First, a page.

YouTube's search and discovery system helps viewers find the videos that they're most likely to watch and maximise long-term viewer satisfaction. Get answers about your video and channel performance with the following FAQs.
How does YouTube choose what videos to promote?
Our recommendation system narrows down the best set of videos to offer your audience by paying attention to:
- What they watch
- What they don't watch
- How much time they spend watching
- Likes and dislikes
- 'Not interested' feedback
- Satisfaction surveys
How do I get my videos promoted to a bigger audience?
You don't have to be an expert in algorithms or analytics to be successful on YouTube. Instead, focus on knowing your audience. Our recommendation system doesn't promote videos to your audience, but rather finds videos for your audience when they visit YouTube. Videos are ranked based on their performance and relevance to your audience.
How are videos ranked on Home?
Home is what your audience sees when they open the YouTube app or visit YouTube.com. It's where we aim to deliver the most relevant, personalised recommendations to each viewer. When your audience visits Home, YouTube displays videos from subscriptions. Videos watched by similar viewers and new videos are also shown. The selection of videos is based on:
- Performance – How well your video has interested and satisfied similar viewers, among other factors.
- Watch and search history – How often your audience watches a channel or topic and how many times we've already shown each video.
How are videos selected for Trending?
Take a look at this article about how Trending works.
How are videos ranked in Suggested under 'Up next'?
Suggested videos are recommended alongside the video that your audience is watching under 'Up next'. Suggested videos are ranked to offer your audience videos that they're most likely to watch next. These videos are often related to the video that your audience is watching, but they can also be personalised based on watch history.
How are videos ranked in Search?
Like Google's search engine, YouTube search strives to surface the most relevant results according to keyword searches. Videos are ranked based on the following factors:
- How well the title, description and video content match the viewer's search.
- What videos drive the most engagement for a search.
Note: Search results are not a list of the most-viewed videos for a given search.
Does changing a video's title or thumbnail re-rank the video in the algorithm?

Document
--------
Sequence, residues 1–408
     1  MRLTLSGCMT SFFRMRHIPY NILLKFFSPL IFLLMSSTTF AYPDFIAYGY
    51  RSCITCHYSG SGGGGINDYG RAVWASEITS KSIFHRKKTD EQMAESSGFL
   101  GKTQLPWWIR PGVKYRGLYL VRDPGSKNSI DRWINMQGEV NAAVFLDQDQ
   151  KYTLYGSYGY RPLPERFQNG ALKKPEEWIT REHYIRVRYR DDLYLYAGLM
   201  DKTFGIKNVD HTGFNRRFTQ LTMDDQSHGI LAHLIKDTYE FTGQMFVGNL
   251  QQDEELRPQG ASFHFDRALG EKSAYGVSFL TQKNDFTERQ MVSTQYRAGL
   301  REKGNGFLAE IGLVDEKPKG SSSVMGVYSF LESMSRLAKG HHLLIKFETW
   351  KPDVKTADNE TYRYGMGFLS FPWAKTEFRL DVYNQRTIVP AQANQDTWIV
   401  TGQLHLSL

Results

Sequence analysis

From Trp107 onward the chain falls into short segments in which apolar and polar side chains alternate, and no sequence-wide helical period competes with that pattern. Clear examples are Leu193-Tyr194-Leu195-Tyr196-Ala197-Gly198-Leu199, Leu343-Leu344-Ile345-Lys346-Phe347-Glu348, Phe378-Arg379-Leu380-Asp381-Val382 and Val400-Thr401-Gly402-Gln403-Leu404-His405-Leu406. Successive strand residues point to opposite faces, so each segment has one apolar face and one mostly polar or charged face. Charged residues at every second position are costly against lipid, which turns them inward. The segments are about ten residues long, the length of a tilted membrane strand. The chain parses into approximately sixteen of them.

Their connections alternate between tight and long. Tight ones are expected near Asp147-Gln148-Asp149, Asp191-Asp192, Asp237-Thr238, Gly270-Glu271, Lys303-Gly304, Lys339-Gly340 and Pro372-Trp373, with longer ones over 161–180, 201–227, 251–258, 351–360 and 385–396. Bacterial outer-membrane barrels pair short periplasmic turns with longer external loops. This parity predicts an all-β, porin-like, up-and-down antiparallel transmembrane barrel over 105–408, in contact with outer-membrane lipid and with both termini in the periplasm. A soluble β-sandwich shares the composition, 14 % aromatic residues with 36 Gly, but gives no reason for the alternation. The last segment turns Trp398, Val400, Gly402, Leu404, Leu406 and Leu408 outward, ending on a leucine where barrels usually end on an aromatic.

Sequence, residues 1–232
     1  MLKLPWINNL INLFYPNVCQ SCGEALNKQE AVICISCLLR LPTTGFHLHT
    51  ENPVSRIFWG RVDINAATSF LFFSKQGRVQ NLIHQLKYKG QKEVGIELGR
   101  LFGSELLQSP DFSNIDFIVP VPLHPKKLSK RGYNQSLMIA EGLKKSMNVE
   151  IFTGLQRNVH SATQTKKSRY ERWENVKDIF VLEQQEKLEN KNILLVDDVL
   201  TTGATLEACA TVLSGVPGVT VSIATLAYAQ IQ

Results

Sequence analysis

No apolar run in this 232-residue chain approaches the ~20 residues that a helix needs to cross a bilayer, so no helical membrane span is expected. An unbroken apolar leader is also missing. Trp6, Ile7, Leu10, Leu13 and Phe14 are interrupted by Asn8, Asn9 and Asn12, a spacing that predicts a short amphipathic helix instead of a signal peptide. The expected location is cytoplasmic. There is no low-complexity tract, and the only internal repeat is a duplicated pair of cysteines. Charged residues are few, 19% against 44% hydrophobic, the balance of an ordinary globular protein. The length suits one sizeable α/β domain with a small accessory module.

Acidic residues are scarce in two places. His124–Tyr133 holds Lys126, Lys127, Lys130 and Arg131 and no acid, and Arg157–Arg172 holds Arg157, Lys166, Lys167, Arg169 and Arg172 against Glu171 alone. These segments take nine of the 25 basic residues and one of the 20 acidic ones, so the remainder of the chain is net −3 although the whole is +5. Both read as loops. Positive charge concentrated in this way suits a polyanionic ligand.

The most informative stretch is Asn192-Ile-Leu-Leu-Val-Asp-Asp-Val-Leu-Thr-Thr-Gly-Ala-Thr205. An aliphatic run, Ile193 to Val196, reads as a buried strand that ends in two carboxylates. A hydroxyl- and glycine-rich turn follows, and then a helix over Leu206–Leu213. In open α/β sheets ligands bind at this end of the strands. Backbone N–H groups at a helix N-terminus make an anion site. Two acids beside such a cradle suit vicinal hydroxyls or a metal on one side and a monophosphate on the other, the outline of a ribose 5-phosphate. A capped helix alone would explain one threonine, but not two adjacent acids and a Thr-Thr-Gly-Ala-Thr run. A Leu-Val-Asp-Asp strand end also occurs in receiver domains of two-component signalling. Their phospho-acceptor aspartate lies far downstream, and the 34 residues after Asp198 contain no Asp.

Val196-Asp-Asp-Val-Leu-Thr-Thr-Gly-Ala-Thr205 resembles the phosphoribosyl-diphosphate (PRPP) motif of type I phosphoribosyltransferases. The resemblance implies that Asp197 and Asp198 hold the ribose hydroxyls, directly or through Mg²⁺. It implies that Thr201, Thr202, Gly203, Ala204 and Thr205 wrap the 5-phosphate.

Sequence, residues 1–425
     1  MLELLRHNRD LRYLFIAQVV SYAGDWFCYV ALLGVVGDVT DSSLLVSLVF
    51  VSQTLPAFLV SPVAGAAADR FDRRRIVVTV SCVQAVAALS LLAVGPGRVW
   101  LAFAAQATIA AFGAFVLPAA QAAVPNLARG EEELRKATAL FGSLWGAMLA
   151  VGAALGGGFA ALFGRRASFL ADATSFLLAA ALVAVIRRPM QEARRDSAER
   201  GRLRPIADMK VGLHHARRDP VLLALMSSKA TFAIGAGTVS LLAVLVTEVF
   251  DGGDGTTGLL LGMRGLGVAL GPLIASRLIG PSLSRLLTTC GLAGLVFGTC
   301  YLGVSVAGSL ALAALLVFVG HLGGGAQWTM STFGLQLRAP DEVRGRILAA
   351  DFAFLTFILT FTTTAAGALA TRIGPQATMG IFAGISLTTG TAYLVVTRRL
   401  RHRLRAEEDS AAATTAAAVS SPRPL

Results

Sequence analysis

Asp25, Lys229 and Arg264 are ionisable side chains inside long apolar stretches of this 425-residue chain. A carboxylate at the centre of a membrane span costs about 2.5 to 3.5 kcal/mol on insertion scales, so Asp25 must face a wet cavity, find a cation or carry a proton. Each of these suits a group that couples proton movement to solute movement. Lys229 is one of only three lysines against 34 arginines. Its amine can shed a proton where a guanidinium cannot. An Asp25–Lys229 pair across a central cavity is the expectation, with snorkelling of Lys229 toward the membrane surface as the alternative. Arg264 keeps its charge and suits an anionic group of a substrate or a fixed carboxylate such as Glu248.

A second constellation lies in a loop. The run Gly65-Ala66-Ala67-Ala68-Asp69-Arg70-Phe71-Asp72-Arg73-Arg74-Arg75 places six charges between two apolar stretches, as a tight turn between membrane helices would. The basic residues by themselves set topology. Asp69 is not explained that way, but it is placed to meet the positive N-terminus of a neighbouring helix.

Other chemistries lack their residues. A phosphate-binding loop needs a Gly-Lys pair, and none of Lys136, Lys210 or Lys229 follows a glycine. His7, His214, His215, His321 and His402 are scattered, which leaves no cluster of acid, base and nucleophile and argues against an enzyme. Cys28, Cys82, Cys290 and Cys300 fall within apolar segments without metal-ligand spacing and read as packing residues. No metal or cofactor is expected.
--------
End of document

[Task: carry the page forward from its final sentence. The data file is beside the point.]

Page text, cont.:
Maybe, but it's because our systems are responding to how viewers are interacting with your video differently, rather than the act of changing the video title or thumbnail. When your video looks different to viewers, it changes how viewers interact with it when it's offered to them. Changing your video title and thumbnail can be an effective way to get more views, but don't change what's working.
Does monetisation status (yellow icon) impact my video discovery?
No, our search and recommendation system doesn't know which videos are monetised and which are not. We focus on recommending videos that your audience will find satisfying, regardless of whether they're monetised. If your video contains violent or graphic content, it could be demonetised. It may also not be recommended to as many viewers because it's not appropriate. In this example, it's not demonetisation that causes a video to be recommended less, but the content within the video.
How important are Tags?
Not important. Tags are primarily used to help correct for common spelling mistakes (for example YouTube vs U Tube vs You-tube).
Does setting my channel location to a specific country/region help me reach more viewers in that audience? (e.g. Switching location to US even though I'm in Brazil)
No, location settings aren't used to inform how videos are recommended on YouTube.
Do likes/dislikes impact how my video is recommended?
Somewhat. Likes and dislikes are some of the hundreds of signals that we consider for ranking. Our recommendation system learns from whether or not viewers are choosing to watch a video. The system learns how much of the video the viewer watches and if they're satisfied. Your overall video performance is decided by a combination of these factors.
If I upload a video as unlisted and later make it public, will that hurt my video performance?
No, what matters is how viewers respond after it's been published.
If one of my videos underperforms, is that going to hurt my channel?
What matters is how viewers respond to each video when it's recommended to them. Our systems rely more on video and audience-level signals to decide which videos are the best recommendations for your audience. What can lead to a decline in overall channel views is when viewers stop watching most of your videos when they're recommended to them.